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Zimbabwe Investigates Animal Poaching After Killing of Cecil The Lion

FILE: Photographer Brent Stapelkamp, a lion researcher and part of a team that had tracked and studied Cecil the lion for nine years, darted him and attached a collar last year.

Authorities in Harare have launched a nationwide investigation into the poaching of animals following the death of Zimbabwe’s most beloved lion, Cecil, that attracted an outcry from animal rights activists worldwide.

Speaking at a meeting with the hunting community in Harare on Tuesday, Parks and Wildlife director general, Edison Chidziya, announced that the investigation was prompted by the killing of Cecil the lion in the Gwayi Conservancy in Hwange district, Matabeleland North province, by an American, Walter James Palmer, who has since claimed he had no knowledge of Cecil’s identity when he killed the big cat.

Chidziya said, “Following this poaching incident, Parks and Wildlife Management Authority in conjunction with other law enforcement agencies, is now undertaking an industry-wide investigation to try and crack down and weed out any illegal hunting activities.

"Investigations conducted so far revealed that there could be other cases involving illegal off-takes, and a couple of cases are being pursued including the case involving the illegal hunting of another lion in the Gwayi Conservancy on Railway Farm 31 owned by Mr. Headman Sibanda of Nyala Safaris which was also hunted by another foreign client using a bow and arrow. This hunt was supposed to be conducted in Kusile district. Railway Farm 31 has no lion quota for the 2015 hunting season.”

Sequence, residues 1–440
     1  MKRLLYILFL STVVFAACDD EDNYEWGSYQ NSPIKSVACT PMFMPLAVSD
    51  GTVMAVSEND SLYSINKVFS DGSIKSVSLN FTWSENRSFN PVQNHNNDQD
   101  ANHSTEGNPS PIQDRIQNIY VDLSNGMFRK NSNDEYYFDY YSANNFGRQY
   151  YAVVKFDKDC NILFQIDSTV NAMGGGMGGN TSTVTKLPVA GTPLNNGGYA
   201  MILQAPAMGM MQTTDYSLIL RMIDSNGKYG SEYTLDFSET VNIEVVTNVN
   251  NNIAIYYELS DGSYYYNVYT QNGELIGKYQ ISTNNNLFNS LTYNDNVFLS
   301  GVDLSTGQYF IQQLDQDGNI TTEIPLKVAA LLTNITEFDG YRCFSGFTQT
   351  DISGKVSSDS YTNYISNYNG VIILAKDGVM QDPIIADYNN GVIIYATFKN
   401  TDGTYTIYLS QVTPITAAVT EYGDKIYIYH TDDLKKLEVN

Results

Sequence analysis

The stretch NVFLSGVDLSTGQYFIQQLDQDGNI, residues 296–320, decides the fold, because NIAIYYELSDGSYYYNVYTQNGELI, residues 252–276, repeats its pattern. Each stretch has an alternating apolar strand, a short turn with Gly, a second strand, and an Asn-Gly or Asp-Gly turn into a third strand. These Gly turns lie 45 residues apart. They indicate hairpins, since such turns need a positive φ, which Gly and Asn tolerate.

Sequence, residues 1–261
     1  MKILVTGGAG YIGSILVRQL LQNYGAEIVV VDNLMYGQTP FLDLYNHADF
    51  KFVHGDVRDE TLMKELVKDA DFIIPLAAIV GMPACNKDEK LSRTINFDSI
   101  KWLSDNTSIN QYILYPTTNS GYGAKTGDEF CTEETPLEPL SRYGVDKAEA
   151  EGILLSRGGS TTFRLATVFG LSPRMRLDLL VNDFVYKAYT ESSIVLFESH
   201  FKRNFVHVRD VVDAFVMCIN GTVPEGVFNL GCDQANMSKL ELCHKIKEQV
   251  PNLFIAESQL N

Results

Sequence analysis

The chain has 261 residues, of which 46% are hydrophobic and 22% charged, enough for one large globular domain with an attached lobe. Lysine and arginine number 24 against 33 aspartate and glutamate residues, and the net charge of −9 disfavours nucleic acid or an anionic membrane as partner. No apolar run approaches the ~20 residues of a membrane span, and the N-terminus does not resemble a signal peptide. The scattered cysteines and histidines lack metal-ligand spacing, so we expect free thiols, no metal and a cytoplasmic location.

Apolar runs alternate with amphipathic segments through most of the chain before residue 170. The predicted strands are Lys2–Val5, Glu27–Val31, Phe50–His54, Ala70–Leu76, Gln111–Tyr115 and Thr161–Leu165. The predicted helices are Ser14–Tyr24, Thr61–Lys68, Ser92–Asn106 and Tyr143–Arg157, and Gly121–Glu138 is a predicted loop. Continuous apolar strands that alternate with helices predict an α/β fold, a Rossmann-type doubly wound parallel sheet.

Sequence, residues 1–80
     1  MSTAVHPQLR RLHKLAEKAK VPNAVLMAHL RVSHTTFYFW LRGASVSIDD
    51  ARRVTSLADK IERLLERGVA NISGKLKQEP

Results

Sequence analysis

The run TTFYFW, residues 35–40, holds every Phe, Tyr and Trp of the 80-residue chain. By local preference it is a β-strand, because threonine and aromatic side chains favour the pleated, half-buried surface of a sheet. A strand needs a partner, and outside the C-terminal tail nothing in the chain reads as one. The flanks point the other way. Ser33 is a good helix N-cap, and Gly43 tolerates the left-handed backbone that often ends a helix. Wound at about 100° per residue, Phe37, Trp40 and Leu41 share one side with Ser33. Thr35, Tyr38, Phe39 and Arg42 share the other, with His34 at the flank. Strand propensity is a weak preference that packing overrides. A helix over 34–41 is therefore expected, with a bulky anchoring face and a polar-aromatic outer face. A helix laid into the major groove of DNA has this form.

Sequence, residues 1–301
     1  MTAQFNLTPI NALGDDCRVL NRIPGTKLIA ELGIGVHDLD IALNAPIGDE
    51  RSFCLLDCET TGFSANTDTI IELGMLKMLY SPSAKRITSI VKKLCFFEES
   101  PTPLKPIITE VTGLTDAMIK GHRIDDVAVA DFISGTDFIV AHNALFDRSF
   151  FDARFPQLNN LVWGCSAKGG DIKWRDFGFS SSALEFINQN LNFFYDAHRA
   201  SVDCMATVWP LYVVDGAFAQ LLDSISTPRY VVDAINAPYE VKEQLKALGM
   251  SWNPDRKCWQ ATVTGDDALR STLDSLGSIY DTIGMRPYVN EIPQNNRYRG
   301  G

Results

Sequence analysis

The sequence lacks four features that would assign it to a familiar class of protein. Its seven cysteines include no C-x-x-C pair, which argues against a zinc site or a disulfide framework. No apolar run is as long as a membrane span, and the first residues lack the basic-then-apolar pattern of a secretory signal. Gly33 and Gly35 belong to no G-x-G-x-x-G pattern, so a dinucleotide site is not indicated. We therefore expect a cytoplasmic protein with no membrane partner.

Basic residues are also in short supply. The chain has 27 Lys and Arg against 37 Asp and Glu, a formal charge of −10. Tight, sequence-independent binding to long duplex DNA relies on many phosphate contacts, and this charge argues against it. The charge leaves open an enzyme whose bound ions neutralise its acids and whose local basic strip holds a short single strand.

He said poaching was tarnishing the image of Zimbabwe, adding that this had serious repercussions on the country’s tourism sector and the national economy.

The killing of Cecil the lion that has attracted international interest came at a time when the country’s consumptive tourism sector is battling with trade restrictions that were imposed by certain parties to the Convention on International Trade in Endangered Species under the umbrella of the Stricter Domestic Measures and the general mood which is anti-hunting.

“Zimbabwe subscribes to the principle of sustainable utilization of its natural resources and remains committed to pursue this agenda. Our clients must have the confidence that when they come to hunt in our country they are not going to be lured like Cecil,” said Chidziya.

Louis Muller, chairman of the Professional Hunters and Guides Association, said his organization will not tolerate anyone who will violate rules and regulations of professional hunting.

The killing of Cecil the lion has been condemned by Zimbabwean authorities and animal rights activists across the globe. One of the people accused of playing a part in the killing of the country’s most famous lion is expected to appear in court Wednesday for the opening of his trial at the Hwange Magistrates’ Court.

On the other hand, authorities are in the process of seeking Palmer’s extradition from the United States so that he could be tried in Zimbabwe for killing the famous lion.